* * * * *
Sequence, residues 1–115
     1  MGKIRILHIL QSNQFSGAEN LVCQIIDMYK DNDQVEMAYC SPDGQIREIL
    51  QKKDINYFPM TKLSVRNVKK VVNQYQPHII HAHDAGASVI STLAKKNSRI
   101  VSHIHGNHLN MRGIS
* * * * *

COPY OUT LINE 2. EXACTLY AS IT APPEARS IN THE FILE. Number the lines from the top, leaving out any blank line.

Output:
     1  MGKIRILHIL QSNQFSGAEN LVCQIIDMYK DNDQVEMAYC SPDGQIREIL